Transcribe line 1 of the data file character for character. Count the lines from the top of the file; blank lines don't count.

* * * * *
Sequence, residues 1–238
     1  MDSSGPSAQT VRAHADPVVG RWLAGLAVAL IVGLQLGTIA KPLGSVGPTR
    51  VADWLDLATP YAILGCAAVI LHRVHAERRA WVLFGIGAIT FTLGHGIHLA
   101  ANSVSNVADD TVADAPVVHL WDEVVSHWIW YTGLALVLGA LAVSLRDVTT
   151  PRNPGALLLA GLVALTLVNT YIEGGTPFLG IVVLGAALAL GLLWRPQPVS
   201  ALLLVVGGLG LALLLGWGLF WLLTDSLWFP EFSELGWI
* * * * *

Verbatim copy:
Sequence, residues 1–238